Presidents Paul Kagame and Teodoro Obiang Nguema Mbasogo of Equatorial Guinea have called for stronger African solidarity and South-South cooperation as the two countries announced new efforts to step up bilateral ties.
They were speaking at a joint news briefing at Village Urugwiro in Kigali yesterday at the end of President Obiang’s two-day state visit, during which both sides signed a General Cooperation Agreement, which covers at least 10 areas of mutual interest.
The principals applauded as their respective foreign affairs ministers signed the multi-sectoral agreement, which encompasses governance, air transport, trade exchanges and investment promotion, tourism and immigration, and agro-industry.
Other areas include information and communication technology, health, defence and security, energy, and housing policy.
This comes barely three weeks after the two leaders agreed to scale up bilateral cooperation during Kagame’s visit to Malabo, Equatorial Guinea, where he had gone to attend the recent Assembly of the African Union Summit.
“We had very fruitful discussions between the two of us and the two delegations and from here we want to see practical steps taken to implement different agreements we have reached,” Kagame said.
The two leaders acknowledged the need for African solidarity, South-South cooperation and search for African solutions to African problems, according to a joint statement.
South-South cooperation is a term that was coined to refer to official exchange of resources and knowledge between developing countries.
The presidents acknowledged that for far too long there had been little in terms of implementation, adding that this is the time to take concrete steps to strengthen intra-African ties as well as South-South cooperation.
“South-South cooperation is as important as it has ever been. We have known this for too long and we need to get started,” Kagame said.
He added: “We need to hold ourselves accountable, hold each other accountable and act in a way that serves our people.”
Lack of solidarity blamed
President Obiang blamed lack of African solidarity for the slow progress of intra-African cooperation and western interference in internal African issues.
He said African countries were no longer colonies. Obiang, whose country is endowed with huge oil deposits, said Africa’s natural resources should benefit Africans.
He faulted Africans for failing to challenge the legitimacy of the Hague-based International Criminal Court, which he said is used as a tool of Western powers to target African leaders.
He wondered why the continent had failed to establish a tribunal to handle justice matters, rather than allow westerners to intervene in Africa’s internal matters at will.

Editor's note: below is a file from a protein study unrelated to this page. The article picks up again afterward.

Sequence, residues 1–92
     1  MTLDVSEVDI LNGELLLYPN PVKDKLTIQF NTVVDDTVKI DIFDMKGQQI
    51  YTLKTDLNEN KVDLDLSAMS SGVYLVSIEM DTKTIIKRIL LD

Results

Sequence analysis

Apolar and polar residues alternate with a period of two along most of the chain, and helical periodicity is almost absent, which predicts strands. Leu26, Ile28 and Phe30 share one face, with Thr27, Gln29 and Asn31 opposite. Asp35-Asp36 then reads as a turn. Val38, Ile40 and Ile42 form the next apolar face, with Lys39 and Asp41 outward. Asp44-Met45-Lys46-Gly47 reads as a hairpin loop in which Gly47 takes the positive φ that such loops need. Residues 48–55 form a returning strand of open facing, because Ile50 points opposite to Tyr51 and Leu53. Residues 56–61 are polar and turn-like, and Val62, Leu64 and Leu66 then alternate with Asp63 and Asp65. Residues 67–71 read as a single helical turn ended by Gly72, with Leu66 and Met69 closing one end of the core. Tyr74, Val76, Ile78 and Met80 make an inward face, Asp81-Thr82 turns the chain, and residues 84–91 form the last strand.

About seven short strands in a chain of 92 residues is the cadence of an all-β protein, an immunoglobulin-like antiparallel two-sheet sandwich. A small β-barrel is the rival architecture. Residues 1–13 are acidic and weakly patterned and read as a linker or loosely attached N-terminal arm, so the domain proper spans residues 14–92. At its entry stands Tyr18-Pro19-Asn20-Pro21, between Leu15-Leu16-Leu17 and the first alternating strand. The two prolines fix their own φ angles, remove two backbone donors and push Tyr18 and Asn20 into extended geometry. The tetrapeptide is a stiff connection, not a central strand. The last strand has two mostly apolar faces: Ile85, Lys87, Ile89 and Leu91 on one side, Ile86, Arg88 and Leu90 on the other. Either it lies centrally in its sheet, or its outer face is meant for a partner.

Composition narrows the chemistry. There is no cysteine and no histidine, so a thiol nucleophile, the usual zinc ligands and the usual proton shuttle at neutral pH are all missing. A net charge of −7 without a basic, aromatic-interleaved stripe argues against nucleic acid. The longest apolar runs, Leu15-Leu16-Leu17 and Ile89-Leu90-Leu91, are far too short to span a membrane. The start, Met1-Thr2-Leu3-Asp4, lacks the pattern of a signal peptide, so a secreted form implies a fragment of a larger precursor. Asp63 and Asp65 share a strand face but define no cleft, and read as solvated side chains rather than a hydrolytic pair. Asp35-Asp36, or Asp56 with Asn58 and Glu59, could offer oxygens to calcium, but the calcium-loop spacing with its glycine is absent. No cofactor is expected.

Every region should cater for its own problems, he said, explaining that Africans can manage their affairs the same way Europeans are allowed to manage their own problems, such as Ukraine.
However, Kagame said it was not all doom and gloom for the continent, pointing at several gains made over the years. “We should not get lost in the negatives and concentrate on that as if it is Africa’s way of life, we should also bear in mind and be discussing the many positive things that have taken place.”
“We see more stable countries and governments, economies that are growing consistently across the continent, and this is not happening by accident; it’s happening because Africans are doing the right thing,” President Kagame said.
But he added: “Maybe we need to be moving faster. The progress has been slow, can we do better, can we do more for our countries, our continent? There is always room for improvement, there is always a need to act urgently and address the many needs that our people have to improve our lives.”
He pointed out the need for Africa to urgently address issues of capacity which often leave it at the mercy of the West, adding that continent would develop faster if it genuinely capitalised on the gains made in certain areas.
The two Heads of State also “expressed their concern on the security and humanitarian situation in the Central African Republic and pledged to intensify their joint efforts towards a lasting solution.”
Meanwhile, President Obiang lauded his host and Rwandans in general for turning around their country’s fortunes following the devastation caused by the 1994 Genocide against the Tutsi.
“We have witnessed a united people working together towards a common vision of peace and prosperity. We admire the journey you have made in achieving progress and reconciliation despite your dark past. Your determination to bring peace to your nation is an example as we strive to build a conflict free Africa,” he said.
Kagame attributed Rwanda’s phenomenal recovery to unity of purpose, accountability, and dignity for every Rwandan.
“We had simply to correct the politics and the management of it so that our people can have a country they deserve and restore the dignity of our people.
“The investments we made were centred on valuing our people and creating institutions and the understanding that Rwandans are better off standing together and not being divided.”